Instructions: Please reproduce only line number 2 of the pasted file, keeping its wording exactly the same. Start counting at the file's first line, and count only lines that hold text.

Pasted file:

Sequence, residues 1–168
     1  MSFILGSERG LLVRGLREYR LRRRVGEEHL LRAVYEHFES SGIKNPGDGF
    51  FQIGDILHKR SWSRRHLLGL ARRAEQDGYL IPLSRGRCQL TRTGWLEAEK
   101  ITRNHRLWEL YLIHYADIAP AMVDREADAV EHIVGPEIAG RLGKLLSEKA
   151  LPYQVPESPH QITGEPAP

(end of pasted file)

     1  MSFILGSERG LLVRGLREYR LRRRVGEEHL LRAVYEHFES SGIKNPGDGF